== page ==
7 1-2 Later, Jesus was going about his business in Galilee. He didn’t want to travel to Judea because the Jews there looking for a chance to kill him. It was near the time of Tabernacles, a feast observed annually by the Jews.
3-5 His brothers said, “Why don’t you leave here and go up to the Feast so your disciples can get a good look at the works you do? No one who intends to be publicly known does everything behind the scenes. If you’re serious about what you are doing, come out in the open and show the world.” His brothers were pushing him like this because they didn’t believe in him either.
6-8 Jesus came back at them, “Don’t pressure me. This isn’t my time. It’s your time—it’s always your time; you have nothing to lose. The world has nothing against you, but it’s up in arms against me. It’s against me because I expose the evil behind its pretensions. So you go ahead, go up to the Feast. Don’t wait for me. I’m not ready. It’s not the right time for me.”
9-11 He said this and stayed on in Galilee. But later, after his family had gone up to the Feast, he also went. But he kept out of the way, careful not to draw attention to himself. The Jews were already out looking for him, asking around, “Where is that man?”
12-13 There was a lot of contentious talk about him circulating through the crowds. Some were saying, “He’s a good man.” But others said, “Not so. He’s selling snake oil.” This kind of talk went on in guarded whispers because of the intimidating Jewish leaders.
-John 7:1-13 The Message.
Jesus went to Galilee. He didn’t want to go to Judea because the Jewish leaders were looking for him so they could kill him. When the Jewish Festival of Tabernacles was near, Jesus’ brothers said to him, “Leave Galilee and go to Judea, so that your disciples there may see the works you do. No one wants to become a public figure in secret. Since you are doing these things, show yourself to the world. His brothers didn’t believe in him.
The Festival of Tabernacles happened six months after the Passover mentioned in John 6:2-5. The festival is also explained in Leviticus 23:33. The festival is celebrated after the days the Israelites went into the desert and lived in booths. (Leviticus 23:43)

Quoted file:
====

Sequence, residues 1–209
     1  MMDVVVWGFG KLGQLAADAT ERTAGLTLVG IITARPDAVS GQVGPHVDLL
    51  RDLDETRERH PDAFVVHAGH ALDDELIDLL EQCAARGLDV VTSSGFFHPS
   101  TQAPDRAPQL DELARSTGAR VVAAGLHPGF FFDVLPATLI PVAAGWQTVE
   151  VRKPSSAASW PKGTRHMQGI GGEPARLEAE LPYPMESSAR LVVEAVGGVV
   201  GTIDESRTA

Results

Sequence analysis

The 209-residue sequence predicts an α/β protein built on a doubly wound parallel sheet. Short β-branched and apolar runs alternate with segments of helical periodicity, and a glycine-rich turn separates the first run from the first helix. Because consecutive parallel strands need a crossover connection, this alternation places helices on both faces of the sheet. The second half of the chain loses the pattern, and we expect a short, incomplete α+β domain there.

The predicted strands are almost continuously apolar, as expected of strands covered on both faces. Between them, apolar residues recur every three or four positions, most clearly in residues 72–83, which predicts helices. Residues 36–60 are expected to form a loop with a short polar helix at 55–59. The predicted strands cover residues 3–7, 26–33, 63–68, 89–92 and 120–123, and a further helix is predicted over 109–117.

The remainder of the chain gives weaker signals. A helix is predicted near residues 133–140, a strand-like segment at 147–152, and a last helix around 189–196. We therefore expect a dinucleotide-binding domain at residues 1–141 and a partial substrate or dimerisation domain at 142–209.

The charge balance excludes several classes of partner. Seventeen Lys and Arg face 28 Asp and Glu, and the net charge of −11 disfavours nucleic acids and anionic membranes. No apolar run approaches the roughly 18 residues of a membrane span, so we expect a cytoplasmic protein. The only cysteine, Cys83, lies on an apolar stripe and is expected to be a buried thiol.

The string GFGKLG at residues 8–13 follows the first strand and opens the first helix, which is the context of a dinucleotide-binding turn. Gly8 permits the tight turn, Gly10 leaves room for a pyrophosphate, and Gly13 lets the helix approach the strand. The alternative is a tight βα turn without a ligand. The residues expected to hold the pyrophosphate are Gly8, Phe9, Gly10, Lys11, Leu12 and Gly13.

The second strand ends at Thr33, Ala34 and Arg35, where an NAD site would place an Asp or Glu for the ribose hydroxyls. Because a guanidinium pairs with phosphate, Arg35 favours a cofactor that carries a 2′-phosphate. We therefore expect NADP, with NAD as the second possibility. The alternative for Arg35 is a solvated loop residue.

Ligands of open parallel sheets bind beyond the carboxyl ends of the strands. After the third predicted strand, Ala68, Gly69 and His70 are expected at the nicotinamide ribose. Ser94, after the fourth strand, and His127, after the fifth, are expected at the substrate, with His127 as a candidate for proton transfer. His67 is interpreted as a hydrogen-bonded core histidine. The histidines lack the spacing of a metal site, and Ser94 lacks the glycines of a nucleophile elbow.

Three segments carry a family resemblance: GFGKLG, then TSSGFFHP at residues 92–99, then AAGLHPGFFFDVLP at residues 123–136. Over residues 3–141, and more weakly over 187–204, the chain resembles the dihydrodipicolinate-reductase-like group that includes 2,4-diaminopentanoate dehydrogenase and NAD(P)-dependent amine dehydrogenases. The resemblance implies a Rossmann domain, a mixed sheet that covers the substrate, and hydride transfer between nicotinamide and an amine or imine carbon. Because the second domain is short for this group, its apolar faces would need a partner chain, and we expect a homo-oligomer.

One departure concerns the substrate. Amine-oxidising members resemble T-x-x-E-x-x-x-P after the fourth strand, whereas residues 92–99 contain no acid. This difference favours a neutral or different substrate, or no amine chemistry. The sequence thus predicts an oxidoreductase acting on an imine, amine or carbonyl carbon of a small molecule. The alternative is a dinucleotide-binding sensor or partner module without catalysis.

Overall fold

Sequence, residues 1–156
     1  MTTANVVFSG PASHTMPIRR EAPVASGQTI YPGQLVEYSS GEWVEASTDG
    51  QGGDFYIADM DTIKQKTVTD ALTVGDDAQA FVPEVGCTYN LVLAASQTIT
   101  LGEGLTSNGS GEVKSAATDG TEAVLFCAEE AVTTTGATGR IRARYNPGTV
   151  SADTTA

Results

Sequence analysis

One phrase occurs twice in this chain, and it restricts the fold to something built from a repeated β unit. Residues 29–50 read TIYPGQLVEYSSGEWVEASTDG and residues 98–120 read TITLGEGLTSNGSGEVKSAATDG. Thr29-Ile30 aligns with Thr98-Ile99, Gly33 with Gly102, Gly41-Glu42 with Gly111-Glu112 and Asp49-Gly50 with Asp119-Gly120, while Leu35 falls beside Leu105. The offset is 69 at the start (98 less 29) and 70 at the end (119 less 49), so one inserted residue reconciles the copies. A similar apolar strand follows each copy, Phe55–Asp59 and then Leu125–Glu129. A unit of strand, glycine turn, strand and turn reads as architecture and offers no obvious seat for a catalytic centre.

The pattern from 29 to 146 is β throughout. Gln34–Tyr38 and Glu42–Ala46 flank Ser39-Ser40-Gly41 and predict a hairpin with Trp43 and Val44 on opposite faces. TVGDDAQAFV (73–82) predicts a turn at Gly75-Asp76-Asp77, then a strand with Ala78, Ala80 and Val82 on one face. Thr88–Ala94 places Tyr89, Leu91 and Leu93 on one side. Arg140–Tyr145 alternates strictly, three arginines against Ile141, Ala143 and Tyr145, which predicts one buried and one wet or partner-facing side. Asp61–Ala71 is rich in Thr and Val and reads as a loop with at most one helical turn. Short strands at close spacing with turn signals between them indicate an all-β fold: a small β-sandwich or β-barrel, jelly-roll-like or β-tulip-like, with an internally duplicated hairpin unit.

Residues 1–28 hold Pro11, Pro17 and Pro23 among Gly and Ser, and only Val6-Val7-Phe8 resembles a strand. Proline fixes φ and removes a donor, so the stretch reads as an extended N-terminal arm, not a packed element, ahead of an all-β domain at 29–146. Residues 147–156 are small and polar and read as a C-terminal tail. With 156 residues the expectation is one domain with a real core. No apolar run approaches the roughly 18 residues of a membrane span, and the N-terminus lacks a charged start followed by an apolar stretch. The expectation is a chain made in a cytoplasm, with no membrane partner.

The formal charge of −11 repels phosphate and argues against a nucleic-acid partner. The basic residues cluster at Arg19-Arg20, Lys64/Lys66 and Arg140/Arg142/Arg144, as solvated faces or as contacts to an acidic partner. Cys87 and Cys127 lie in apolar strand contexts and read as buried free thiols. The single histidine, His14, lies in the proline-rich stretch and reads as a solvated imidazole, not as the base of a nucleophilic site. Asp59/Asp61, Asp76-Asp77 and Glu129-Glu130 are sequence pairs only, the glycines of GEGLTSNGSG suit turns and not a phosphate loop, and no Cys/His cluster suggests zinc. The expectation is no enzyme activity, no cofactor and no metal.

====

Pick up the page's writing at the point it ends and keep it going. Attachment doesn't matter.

We all have some family members that do not believe in you. At least one family member will always talk down to you; make sure you are not worth what you think you are. Jesus’ brothers did it to him. The fact is that they were embarrassed by Jesus, but some of his brothers became leaders; James is one of them. The brothers believed when Jesus died and rose on the third day. Take that brothers! So case in point, we all have reasons to believe. There is a record of Jesus’ deaths, his miracles, and the resurrection. The gospel is evidence as well in the benefits we see in people today. Someone that doesn’t believe let them know about it, so they don’t miss out on God’s Son.
Jesus told them, “My time is not yet here; for you, any time will do. The world cannot hate you, but it hates me because I testify that its works are evil.”
People who don’t like you will let others know that they don’t want you. Then that generates more dislike because of what that one person said of you. That is the same pattern we will go through liking Jesus because plenty of people don’t like him; you will have people that hate you. So if you see things are going well, ask to make sure we are not following Jesus half-heartedly or not at all.
Jesus continued: “You go to the festival. I am not going up to this festival because my time has not yet fully come.” After he had said this, he stayed in Galilee. When Jesus’ brothers left for the festival, Jesus went quietly, not wanting the public to see him.
The question is, why did Jesus go anyway but wanted to do it secretly? He is the greatest gift of all. He has something for everybody. Well, one thing is that the Jewish leaders hated him, so everybody would refuse his gift of salvation. So that made him a target because of his teaching publicly. So Jesus had to do this quietly. Many of us today have the honor to teach, preach, and worship publicly without persecution.
The scene turns to the festival, the Jewish leaders were watching for Jesus and asking, “Where is he?” Among the crowds, there was widespread whispering about him. Some of them said, “He is a good man,” while others would say, “No, he deceives the people.” No one didn’t say anything out loud in fear of the leaders. Ladies and gentlemen, this is an excellent example of what oppression is. You can’t speak because the leaders don’t like Jesus? Everybody was talking about Jesus. Some had good thoughts, some had terrible ideas about him. Here is the thing; we have to be courageous to speak about Jesus. We can’t let the oppressors keep us from speaking because they don’t like someone or keep things quiet. That is not what we are called to do. So many people want to say things that aren’t true; even religious leaders do this. Test them with two things in mind.
- Their words should be agreed with, not contradicting the bible.
- Their words should point to God and his will, not to themselves.
Jesus said that he will acknowledge us before God if we accept him before others. (Matthew 10:32) Are you willing to be courageous and speak when others don’t believe or are oppressed to speak?
Father, thank you for our time of study today. I see in today’s world similar things that happened in the history of the bible. People are being oppressed and can’t speak about things that need changing. Father, I pray that we can continue to talk on your behalf without persecution. I pray for leaders who don’t speak the truth and notice it and speak on it. In Jesus’ name. Amen!